German bishops repent of the past, but not of the present
My latest on LifeSite.
The German Bishops’ Conference has issued an interesting document criticizing the degree to which their predecessors failed to oppose Hitler’s programs of mass murder and his unjust aggression in starting the Second World War.
It is a complex historical issue, and a fairly long document. But while open to criticism, it makes an important point: that in that situation, the argument of prudence led in the wrong direction. This was a moment when heroism was a duty. The bishops declare:
Inasmuch as the bishops did not oppose the war with a clear ‘no’, and most of them bolstered the (German nation’s) will to endure, they made themselves complicit in the war. The bishops may not have shared the Nazis’ justification for the war on the grounds of racial ideology, but their words and their images gave succor both to soldiers and the regime prosecuting the war, as they lent the war an additional sense of purpose.
It was understandable for the bishops to follow the lead of the Holy See, in the Concordat of 1933. It was understandable for them to want to preserve their ability to administer the Sacraments freely. It was even understandable, if not admirable, for them not to want to fall foul of a ruthless regime untrammeled by the rule of law. The “cooperation” the bishops gave the Nazis was “material”: they never intended any wrongful action. But even this material cooperation was serious and had serious consequences. The suggestion that Hitler was a legitimate leader, and that therefore he should be given the benefit of the doubt about the justness of his laws and policies, smoothed the way for his crimes. In 1933, Catholics had not come under Hitler’s spell, for the most part: they could have made a difference. The bishops chose not to encourage resistance.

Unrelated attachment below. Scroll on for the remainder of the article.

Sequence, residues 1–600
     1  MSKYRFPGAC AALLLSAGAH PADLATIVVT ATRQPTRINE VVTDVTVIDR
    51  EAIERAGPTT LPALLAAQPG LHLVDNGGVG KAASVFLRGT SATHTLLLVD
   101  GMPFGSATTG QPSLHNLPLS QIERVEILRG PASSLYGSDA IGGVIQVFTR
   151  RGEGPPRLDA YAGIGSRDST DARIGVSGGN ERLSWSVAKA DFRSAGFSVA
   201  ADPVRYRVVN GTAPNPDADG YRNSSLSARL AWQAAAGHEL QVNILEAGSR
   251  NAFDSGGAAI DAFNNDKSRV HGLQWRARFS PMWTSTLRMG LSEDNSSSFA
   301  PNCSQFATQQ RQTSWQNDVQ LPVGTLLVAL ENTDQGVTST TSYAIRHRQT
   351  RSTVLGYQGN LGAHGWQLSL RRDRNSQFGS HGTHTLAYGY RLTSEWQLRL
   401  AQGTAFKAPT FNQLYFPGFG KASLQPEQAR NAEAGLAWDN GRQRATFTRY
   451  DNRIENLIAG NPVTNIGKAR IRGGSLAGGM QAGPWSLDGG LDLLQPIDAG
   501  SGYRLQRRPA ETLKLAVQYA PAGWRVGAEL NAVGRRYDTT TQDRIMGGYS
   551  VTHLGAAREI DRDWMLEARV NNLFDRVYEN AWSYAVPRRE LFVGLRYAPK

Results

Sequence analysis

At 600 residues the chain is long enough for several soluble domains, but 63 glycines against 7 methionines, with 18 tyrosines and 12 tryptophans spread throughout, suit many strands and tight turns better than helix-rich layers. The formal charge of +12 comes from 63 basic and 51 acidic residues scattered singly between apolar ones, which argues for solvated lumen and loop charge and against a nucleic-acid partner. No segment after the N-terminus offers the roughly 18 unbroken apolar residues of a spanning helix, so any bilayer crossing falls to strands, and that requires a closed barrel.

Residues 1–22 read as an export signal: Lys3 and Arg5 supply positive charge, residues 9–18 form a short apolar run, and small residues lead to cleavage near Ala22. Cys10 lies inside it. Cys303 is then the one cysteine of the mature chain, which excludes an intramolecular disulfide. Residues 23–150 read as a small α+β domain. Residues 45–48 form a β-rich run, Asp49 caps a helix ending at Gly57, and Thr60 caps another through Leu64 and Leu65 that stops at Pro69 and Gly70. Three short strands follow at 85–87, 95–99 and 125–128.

It is easy, however, to repent of other people’s sins. If this acknowledgement of past complicity is to have any meaning, it must inform action in the present, when they cannot claim to fear the kind of reprisals the Gestapo would have visited on their predecessors. I am reminded of a more recent example of episcopal cooperation with evil in Germany: as LifeSite reported back in 1999: